He pointed to three factors that still leave the money-market plumbing fragile: heavy U.S. Treasury borrowing to fund the widening fiscal deficit, a flat-to-inverted yield curve, and a regulatory environment that limits the ability of banks to absorb government debt.

LeBas thinks overnight funding operations alone won’t be enough to keep credit flowing over the longer run...

- Source, Market Watch

Tuesday, 24 September 2019

What's the confusion with silver's fundamentals? There is no oversupply

The long-term demand of silver will always outpace supply, owing to strong growth in industrial usage, said Phil Baker, CEO of Hecla Mining. “There’s no oversupply of silver. 

The growing consumption of silver from industrial, but it’s really more consumer products, has really taken off. It’s happened over the course of the last 20 years, and it continues to increase,” Baker told Kitco News on the sidelines of the Denver Gold Forum.

- Source, Kitco News

Negative Interest Rates Are Social Political Poison

The interest rate business model is dead. Negative interest rates killed it, with no replacement in sight.

Anne Kunz and Holger Zschäpitz co-authored an excellent article for Welt (in German) called the Interest Rate Business Model is Dead.
Here are some excerpts via Google translate with many of my own modifications. For example, the title itself is my translation, not Google's.

Google has the title as "Business Model With the Interest is Dead".

I made an educated guess that Google's title isn't quite right.

I picked up the article from this Tweet.

Translation errors below may be Google's or mine. I took a fair amount of liberty, adding some words, deleting others, or changing the word order so the result makes sense to me.

Apologies to the authors for any of my errors.

Interest Rate Business Model is Dead

The cash cow bank lending model is dead, buried by the European Central Bank (ECB).

The coup de grace came at the recent meeting. As ECB President Mario Draghi squeezed the negative interest rate for banks even deeper.

The ECB will restart its bond purchase program in November. This time, without a time limit. Thus, the monetary authorities have permanently chained the long-term interest rate at a low level and cut the profit opportunities of the financial sector to a level that isn't sustainable. For a long time, institutions have made good money from the difference between long-term and short-term interest rates.That time is now over.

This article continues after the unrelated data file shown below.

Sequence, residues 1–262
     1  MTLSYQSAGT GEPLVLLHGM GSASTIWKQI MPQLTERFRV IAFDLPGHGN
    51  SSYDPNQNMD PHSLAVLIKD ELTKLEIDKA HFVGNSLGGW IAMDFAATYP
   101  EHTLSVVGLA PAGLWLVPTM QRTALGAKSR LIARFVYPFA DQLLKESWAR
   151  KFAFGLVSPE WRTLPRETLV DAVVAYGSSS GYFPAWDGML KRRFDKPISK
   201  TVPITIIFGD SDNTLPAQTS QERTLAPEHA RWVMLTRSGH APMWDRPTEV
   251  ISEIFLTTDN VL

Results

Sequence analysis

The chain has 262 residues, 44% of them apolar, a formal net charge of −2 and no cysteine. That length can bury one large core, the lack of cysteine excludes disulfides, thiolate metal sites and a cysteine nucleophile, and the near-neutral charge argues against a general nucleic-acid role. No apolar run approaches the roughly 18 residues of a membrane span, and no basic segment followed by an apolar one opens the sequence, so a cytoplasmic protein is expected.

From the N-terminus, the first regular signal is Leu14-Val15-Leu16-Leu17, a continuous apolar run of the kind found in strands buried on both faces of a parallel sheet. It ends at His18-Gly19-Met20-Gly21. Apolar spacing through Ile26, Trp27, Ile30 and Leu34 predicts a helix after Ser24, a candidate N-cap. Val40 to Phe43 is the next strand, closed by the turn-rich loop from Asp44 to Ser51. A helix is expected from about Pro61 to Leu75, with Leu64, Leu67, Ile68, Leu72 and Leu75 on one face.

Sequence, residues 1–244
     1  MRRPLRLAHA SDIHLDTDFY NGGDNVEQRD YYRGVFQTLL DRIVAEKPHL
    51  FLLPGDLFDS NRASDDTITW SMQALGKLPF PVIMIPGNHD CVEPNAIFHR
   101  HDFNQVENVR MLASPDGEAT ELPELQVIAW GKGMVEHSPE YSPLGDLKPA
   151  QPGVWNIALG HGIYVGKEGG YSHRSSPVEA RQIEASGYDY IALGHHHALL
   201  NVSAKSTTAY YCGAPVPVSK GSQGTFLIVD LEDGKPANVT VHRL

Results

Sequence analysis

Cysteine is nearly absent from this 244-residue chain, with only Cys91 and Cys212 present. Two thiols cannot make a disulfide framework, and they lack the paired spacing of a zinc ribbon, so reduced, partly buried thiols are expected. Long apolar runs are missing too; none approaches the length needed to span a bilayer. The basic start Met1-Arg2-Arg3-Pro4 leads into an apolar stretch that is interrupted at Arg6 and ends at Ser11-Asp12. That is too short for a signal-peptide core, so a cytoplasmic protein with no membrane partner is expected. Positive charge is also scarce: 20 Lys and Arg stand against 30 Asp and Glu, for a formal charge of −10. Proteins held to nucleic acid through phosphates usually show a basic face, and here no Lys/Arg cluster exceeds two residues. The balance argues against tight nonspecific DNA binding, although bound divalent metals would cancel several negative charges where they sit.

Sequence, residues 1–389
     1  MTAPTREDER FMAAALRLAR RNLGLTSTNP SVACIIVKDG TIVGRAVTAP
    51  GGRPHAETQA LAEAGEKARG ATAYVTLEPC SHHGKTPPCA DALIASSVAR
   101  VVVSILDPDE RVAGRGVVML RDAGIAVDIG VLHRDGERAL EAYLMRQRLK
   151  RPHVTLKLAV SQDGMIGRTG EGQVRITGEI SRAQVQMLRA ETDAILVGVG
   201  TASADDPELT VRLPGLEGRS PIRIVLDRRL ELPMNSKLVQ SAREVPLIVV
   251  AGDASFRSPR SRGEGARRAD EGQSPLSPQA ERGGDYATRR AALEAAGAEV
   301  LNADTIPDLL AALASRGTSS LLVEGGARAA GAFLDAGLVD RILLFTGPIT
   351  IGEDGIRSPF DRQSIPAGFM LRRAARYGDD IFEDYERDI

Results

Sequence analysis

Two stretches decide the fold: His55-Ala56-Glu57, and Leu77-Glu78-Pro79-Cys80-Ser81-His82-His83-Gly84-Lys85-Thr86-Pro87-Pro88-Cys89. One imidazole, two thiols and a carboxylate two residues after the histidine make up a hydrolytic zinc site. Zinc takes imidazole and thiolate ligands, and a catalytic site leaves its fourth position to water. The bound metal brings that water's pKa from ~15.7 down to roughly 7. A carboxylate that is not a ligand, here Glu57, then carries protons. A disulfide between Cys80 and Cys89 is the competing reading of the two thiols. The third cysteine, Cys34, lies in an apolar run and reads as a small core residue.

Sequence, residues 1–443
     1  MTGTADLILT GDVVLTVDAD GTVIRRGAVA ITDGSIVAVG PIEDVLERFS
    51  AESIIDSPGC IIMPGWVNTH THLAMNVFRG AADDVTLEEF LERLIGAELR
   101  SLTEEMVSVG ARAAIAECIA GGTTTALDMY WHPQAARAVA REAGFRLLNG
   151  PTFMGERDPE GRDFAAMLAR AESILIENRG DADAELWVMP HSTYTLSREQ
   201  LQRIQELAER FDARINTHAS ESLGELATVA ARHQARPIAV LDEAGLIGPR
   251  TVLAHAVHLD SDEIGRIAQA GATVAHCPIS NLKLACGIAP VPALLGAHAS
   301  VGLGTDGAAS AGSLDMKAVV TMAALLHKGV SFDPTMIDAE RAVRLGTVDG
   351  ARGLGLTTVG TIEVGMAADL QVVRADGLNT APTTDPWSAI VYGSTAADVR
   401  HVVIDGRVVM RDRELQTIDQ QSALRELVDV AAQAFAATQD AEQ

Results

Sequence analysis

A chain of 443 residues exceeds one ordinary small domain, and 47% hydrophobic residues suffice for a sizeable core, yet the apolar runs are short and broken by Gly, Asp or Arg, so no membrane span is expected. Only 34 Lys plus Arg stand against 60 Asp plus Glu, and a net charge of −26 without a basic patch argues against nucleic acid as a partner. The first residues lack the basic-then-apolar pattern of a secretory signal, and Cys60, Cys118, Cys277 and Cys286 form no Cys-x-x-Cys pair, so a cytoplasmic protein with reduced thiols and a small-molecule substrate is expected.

In 2016, Commerzbank employed more than 50,000 people. CEO Martin Zielke wants to close one-fifth of the 1,000 branches and even wants to part with an important source of income including his Polish subsidiary MBank. The workforce should be reduced to around 38,000 by the end of 2020.

The sale of Mbank is a desperate attempt at salvation.

In terms of stock market value, Deutsche Bank and Commerzbank are now loosely hanged even by more regionally active institutions from Norway and Sweden. [That is a direct translation that reads wrong but I do not know how to fix it].

Even the once proud Landesbanken is a restructuring case. This is a dangerous development.

"With the allowance, the ECB has relieved the German banks in the short term by around 500 million euros. At the same time, banks will be burdened considerably by the continuation of the low interest rates for an indefinite period, "says Peter Barkow, financial expert at Barkow Consulting. "Especially the German banks are very much dependent on income from the long-term investment of customer deposits at higher interest rates, called maturity transformation. This strategy only works very limited, "warns the expert. [The allowance refers to the ECB not charging banks a portion of the negative interest on excess reserves]

However, the corresponding earnings impact on the banks will only be delayed. "Many German banks have to find new sources of income in the medium term. In the short term, a further reduction in costs will probably be necessary, "says Barkow.

For more than a hundred years, banks lived on long-term lending or investing in securities their clients entrusted to them in the short term .

Historically, banks made money out of time. If time no longer has a price, because there is no more interest, nothing can be earned. Ten-year Bunds yielded around 1.5 percentage points more than two-year issues in historical terms. Currently, the difference is just under 0.2 percentage points.

In the multi-billion loan portfolios, the institutions are losing a lot of money due to ECB policy. Accordingly, the shares of Deutsche Bank and Commerzbank have fallen in sync with the interest rate differential. How dramatic the situation is for the banks, the analysts of JP Morgan have written down.

In a 120-page analysis, JP Morgan analysts calculated what effects the ECB policy will have on the banks. They used Japan as an example. Japan has had negative interest rates for some time now and there institutions have been unable to earn anything for two decades with time. The JP Morgan analysts' conclusion: Interest margins could continue to shrink and continue to weigh on the earnings side.

"The negative interest rate policy of the ECB is ruining the financial system and is a socio-political poison," says Frank Kohler, CEO of Sparda-Bank Berlin. The financial system is absurd if we have to explain to the children that money has a negative value - and thus debt is good, because you may not have to repay everything.

Socio-Political Poison


- Source, Mish Shedlock

Monday, 23 September 2019

Financial Markets At Very High Risk Of Black Swan Event

Last week, the markets had the risk of war with Iran and the Fed to worry about, but to start these final trading days of September, 2019, there are no major uncertainties on the market's radar, but there is a very specific reason why we might just see a black swan come swooping down onto the markets.

- Source, Silver Doctors